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Downen Scaled Replicas

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  1. Thank you. I appreciate that. Last night I installed the latest OS "Catalina" on my Mac and inadvertently rendered all of my Adobe software inoperative. Catalina does not support the last non-subscription based version of Photoshop and Illustrator, so before I can post anymore update photos here I have to figure out if I'm willing to shell out nearly $60 per month for a version of the Adobe products that works with Catalina (I am not) or if after 25 years I switch to something else. Ugh. Meanwhile, I'm actually working on the Skyraider cockpit... Visualize it in your mind. Lots of levers and switches. Lots of dark gray shades and black switch panels. Dials on the instrument panel. Seat belts... LOL This really stinks...
  2. I am indebted to 82Whitey51 for saving me from a significant and very embarrassing error that would have had me sanding and re-painting tail codes very late in the game. Yuck! I see my error: I’ve been using Ginter’s “Douglas AD/A-1 Skyraider Pt 2” exclusively as reference for the Air Wing Six tail codes. On pp 13-14 it states “A ship and tail code change occurred in late 1962 when VA-65 was assigned to the nuclear powered Enterprise. CVG-6’s new tail code became “AE”. Four A-1H deployments were made aboard CVN-65. They were from: 3 August to 11 October 1962, 19 October to 6 December 1962… [snip] … The second cruise was the emergency deployment due to the Cuban Missile Crisis where they participated in the blockade of Cuba.” This led me to believe that the tail code change occurred at reassignment to Enterprise and was in effect during all four cruises in 1962. I recommend the short but excellent article in the February 1993 issue of Finescale Modeler where Paul Boyer reviews Air Wing Six’s markings during that second October cruise. He states on p. 40 “In 1962, the code for Air Wing Six was AF, a carry-over from the Wing’s previous carrier, USS Intrepid. Early in 1963, Air Wing Six’s tail code was changed to AE.” Indeed, several photos in the 1962 Enterprise cruise book confirm the “AF” tail code applied to Air Wing Six during her cruises that year. My mistake entirely in relying too heavily on the Ginter book and not cross-checking with other sources. Whew…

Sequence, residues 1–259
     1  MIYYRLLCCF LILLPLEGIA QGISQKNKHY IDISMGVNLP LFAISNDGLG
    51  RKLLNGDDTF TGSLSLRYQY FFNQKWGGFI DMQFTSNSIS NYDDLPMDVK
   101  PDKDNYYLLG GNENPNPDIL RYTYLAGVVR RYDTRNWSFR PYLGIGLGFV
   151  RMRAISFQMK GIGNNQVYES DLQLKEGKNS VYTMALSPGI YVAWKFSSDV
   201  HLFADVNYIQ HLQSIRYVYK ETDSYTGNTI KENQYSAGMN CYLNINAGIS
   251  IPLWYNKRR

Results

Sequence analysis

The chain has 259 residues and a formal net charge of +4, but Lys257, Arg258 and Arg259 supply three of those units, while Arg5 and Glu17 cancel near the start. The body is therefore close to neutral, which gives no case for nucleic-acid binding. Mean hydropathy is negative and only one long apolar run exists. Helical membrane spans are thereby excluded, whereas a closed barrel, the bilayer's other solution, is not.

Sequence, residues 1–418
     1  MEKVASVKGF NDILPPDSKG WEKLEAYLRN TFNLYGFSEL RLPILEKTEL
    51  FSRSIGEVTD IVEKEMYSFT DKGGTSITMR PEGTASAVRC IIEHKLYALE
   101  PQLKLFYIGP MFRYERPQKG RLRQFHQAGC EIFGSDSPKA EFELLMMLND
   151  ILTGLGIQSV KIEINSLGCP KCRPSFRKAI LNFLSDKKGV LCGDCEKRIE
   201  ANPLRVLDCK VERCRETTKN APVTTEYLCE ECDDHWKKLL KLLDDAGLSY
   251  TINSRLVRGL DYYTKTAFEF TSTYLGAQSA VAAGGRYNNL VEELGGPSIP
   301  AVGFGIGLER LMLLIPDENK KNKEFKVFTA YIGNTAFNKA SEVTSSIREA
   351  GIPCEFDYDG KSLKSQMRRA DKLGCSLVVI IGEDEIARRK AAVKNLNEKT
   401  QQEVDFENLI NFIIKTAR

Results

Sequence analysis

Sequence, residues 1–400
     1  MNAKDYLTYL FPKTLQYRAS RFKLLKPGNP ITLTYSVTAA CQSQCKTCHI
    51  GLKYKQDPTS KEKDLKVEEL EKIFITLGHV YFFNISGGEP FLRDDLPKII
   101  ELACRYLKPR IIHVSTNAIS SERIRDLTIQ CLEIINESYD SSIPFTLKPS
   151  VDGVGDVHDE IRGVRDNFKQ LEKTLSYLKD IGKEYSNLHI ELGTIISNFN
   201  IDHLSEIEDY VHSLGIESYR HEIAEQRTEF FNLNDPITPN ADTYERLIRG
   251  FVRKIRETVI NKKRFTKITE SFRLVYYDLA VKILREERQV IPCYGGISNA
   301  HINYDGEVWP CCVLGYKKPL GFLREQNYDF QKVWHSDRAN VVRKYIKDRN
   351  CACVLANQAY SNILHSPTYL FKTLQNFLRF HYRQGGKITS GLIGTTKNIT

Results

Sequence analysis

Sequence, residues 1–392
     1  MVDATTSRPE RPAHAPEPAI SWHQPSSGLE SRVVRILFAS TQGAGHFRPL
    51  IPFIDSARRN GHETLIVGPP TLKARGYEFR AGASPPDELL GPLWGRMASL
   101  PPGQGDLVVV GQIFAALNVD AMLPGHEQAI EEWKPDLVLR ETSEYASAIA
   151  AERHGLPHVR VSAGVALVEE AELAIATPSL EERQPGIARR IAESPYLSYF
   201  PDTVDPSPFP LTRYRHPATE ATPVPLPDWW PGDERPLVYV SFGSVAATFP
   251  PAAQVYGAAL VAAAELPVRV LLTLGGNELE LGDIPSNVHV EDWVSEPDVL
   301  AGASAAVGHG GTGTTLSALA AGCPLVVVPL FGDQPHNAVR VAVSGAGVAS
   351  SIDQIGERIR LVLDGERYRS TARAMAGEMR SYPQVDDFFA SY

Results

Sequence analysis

3. Hmmm... I'm glad that you pointed that out. I saw "AF" from the photo above of the S/N I'm modeling when embarked in 1963 on Intrepid, but thought that "AE" was correct for the 1962 Cuban Missile Crisis onboard Enterprise. I'll dig deeper so that I get the correct markings. Thanks!!
  4. Phantom, I didn't think to mention, but I did gloss coat the doors with Alclad Aqua Gloss, which is acrylic. No problem with the red color bleeding or running. The Copic markers use an alcohol-based ink which also permits rough edges to be cleaned up by rubbing with a cotton swab (Q-Tip) wetted with Windex (which also has some alcohol in it). I really do like the effect. Steve, I see that you're using a marker intended for Gundam kits. The Copic markers are also Japanese and originally developed for Manga artwork. I'm guessing that the Gundam marker uses a similar ink (?) Interesting how the Japanese come up with such useful tools for this hobby! They take this market seriously, and boy am I glad that they do!!
  5. Thank you for all of the feedback. I really appreciate it. I'll return to the helmet when I'm ready to spray the orange colors on the airframe. Paints for the cockpit have not yet arrived so I’m breaking tradition and keeping myself busy by starting on something other than the cockpit! Ordnance… Twelve (12) 250 lb bombs under the wings, two drop tanks and a 500 lb bomb on the center pylon. I forgot that the kit does NOT include the 500 lb bomb, but fortunately I had a resin set from True Details in my spares box. I’m sure that a coat of primer will reveal a number of areas that need more attention, so there’s probably still work to be done here. I used the Aires landing gear bay set which required that the upper wing skin be thinned A LOT to fit in the gear bay. Even still, I had to carefully work the wing leading and trailing edges to get them to close around the gear bays. It’s a tight fit, but the detail offered by the Aires set is fantastic. I also worked on the gear doors. Painting the red trim around the door edges has always been the bane of my existence. I even skip it occasionally if I know that I’ll only ever display the model on my shelf and no one else will ever see it! But here I need to do it, and I tried a new method using a Copic marker. If you’re not familiar with these markers, they’re high-end art markers that have a brush-like tip and use a fairly opaque ink. Working carefully around the gear bay doors, I managed a passable red line. Just stand back a couple of feet – don’t look too closely! LOL And finally, I did some work on the propeller as well. I made a simple jig from a piece of scrape insulation foam and masked off the propeller tips to paint the white and red bands. I prefer to paint the bands since I typically have trouble getting decals to wrap around the edge of the prop to give a convincing appearance. The end result still needs some work at the edge of the black; tomorrow I’ll sand that edge and touch it up to give a smooth, uniform appearance. Then some metal chips at the leading edges and decals…